Having said that, I’m home for this month’s recycling day and am jumping at the chance to not just recycle my bottles and cans, but to put out old newspapers and magazines as well. I hardly ever eat meat, so I have few Styrofoam trays. I take my own tote bag to the supermarket so I have fewer vinyl shopping bags. My old clothes have been cut up into squares to use as cleaning rags, so I have no textiles to abandon there today. Any ropey leftovers such as drawstrings or old shoe laces are added to a never-ending string spun from gift ribbons and used plastic binding from delivered packages. The result is an odd ball of shoddy string that any cat would covet. When I’m really desperate to get rid of paper and cardboard, I prefer to incinerate it than to put it out with the burnables.
Other islanders do this, too. One restaurant and inn on the beach, for example, burns all its own garbage in the summertime. How can’t they? There isn’t enough storage space for the heaps of garbage created by the hundreds of visitors in peak season. There are no public garbage cans on the island either. So anything flammable is incinerated every evening to free up storage space for the recyclables.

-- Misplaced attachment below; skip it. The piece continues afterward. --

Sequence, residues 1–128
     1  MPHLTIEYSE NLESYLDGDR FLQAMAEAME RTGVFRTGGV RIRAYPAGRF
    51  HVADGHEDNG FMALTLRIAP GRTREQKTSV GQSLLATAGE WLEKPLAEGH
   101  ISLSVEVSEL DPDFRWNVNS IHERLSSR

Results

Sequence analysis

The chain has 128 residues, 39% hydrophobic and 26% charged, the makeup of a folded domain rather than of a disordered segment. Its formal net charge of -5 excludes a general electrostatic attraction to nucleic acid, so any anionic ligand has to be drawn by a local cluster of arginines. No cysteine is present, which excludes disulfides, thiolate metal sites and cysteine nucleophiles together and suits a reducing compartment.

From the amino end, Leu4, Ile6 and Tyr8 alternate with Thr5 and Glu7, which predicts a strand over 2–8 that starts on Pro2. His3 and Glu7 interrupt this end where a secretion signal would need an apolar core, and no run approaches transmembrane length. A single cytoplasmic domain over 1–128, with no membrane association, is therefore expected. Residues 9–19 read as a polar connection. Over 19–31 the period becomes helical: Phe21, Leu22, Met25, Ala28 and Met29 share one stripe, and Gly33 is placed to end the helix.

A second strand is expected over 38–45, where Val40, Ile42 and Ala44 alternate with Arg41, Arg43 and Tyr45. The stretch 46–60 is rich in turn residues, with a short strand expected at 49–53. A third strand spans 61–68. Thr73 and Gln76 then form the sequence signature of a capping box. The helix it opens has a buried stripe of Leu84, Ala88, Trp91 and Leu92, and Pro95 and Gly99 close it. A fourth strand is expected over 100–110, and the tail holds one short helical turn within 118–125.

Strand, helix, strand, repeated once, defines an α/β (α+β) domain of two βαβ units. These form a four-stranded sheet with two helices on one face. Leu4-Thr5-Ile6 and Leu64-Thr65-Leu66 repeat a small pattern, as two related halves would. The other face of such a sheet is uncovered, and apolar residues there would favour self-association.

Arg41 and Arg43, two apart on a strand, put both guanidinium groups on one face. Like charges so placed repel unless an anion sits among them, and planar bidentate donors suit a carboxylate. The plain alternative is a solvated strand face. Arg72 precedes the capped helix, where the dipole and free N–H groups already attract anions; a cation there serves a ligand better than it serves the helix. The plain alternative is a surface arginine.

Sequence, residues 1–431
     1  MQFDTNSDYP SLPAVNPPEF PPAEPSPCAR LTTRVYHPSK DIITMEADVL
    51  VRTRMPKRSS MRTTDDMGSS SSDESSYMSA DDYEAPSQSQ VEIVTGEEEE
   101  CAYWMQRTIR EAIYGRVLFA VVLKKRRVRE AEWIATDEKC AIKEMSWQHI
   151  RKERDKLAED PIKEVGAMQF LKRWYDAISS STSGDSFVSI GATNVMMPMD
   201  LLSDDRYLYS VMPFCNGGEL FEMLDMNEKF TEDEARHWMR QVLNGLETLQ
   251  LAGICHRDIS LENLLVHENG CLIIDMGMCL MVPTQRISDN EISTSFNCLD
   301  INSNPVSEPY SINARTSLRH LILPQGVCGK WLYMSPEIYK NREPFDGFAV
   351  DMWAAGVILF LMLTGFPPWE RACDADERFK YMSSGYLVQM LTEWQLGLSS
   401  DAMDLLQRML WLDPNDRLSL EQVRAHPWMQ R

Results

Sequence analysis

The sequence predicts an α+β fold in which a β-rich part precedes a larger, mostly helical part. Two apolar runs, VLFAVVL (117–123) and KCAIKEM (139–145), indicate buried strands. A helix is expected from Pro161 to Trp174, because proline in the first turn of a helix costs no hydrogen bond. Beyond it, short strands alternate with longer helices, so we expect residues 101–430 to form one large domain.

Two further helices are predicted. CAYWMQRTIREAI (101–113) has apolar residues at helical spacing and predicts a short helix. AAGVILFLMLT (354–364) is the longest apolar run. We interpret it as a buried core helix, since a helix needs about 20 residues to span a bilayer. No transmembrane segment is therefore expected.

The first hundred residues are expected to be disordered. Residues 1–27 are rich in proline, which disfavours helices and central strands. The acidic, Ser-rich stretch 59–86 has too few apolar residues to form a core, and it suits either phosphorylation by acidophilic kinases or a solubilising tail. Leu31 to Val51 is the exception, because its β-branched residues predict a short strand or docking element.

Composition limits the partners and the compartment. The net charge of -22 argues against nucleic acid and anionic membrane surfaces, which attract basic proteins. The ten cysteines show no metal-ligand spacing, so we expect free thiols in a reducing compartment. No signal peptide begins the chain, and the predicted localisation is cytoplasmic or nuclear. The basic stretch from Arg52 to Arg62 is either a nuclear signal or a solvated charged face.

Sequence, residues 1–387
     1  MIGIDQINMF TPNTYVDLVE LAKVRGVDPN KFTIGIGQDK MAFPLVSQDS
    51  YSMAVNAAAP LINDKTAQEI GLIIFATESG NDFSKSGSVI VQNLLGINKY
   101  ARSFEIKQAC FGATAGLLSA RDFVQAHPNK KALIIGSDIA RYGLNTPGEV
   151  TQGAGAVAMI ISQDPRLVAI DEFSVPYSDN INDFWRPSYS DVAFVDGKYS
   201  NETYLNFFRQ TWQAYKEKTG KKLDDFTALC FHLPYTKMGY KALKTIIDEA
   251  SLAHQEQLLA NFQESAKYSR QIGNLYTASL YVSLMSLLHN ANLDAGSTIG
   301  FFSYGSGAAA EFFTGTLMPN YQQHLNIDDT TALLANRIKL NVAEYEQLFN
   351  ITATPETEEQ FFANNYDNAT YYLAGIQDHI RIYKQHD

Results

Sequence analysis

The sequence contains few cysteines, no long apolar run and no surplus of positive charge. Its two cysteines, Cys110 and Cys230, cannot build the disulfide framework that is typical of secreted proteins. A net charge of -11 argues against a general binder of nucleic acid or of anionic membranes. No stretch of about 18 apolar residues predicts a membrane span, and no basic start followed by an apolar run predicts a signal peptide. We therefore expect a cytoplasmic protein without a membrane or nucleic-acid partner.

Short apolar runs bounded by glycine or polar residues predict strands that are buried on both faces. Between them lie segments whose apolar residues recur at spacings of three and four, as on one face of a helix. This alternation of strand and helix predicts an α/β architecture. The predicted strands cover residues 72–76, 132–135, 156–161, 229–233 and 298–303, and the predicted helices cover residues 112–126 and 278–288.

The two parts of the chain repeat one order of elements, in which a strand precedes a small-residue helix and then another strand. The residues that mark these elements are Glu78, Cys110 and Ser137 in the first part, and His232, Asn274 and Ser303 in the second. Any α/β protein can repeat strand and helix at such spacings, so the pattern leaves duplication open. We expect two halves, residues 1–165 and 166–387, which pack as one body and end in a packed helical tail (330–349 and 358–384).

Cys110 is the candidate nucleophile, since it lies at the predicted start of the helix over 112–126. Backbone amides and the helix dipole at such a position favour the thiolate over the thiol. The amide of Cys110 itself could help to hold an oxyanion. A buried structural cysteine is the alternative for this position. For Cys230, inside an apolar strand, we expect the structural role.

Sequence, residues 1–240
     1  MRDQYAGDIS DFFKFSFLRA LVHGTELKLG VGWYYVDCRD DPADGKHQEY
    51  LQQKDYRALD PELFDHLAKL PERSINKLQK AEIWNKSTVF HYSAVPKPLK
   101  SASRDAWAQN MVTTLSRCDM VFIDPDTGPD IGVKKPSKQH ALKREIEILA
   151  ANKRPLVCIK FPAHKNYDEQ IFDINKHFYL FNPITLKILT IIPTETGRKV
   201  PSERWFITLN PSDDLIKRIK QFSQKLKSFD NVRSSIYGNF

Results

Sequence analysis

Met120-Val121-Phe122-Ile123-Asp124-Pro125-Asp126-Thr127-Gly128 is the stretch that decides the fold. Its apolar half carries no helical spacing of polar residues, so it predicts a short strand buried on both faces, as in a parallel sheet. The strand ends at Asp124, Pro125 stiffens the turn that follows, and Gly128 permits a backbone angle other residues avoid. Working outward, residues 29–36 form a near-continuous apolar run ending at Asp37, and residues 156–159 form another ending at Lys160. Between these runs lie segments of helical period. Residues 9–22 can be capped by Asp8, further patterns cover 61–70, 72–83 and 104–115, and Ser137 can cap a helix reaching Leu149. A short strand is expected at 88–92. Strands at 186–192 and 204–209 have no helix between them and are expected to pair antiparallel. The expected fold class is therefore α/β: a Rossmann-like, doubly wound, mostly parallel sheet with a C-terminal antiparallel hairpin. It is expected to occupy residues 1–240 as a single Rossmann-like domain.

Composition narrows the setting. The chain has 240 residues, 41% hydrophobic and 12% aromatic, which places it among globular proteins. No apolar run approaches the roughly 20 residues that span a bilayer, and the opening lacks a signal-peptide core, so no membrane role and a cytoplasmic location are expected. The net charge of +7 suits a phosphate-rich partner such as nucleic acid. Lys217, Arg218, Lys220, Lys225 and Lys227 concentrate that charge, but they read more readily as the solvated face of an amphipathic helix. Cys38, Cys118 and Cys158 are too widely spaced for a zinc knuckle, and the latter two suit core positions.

When the air temperature drops in the winter, I fire up the electric heater in my house while next-door Kazuko wraps herself up in layers of feather down, dons a hand-knitted hat and hibernates under the heated kotatsu table. Before she goes to sleep, she turns her electric blanket off. That’s life on the island, but it tends to be the same in other Japanese households. Most families spend the entire winter in one room of the house: the heated one.
The island effect
The average person on Shiraishi Island is rather blase about the climate crisis, despite more frequent and threatening typhoons, and the rising seas at their front doors . Most see no direct connection between climate change and their everyday actions. They already live far more sustainable lives than most city dwellers could ever aspire to. Most don’t even own a car.
Islanders are taught to recycle, so they recycle. They are not, however, educated on how to limit unnecessary consumption, to choose environmentally friendly products over ones that aren’t, or to say no to plastic. They are not encouraged to avoid over-consumption, because rampant expenditure is really what’s fueling the country’s economy.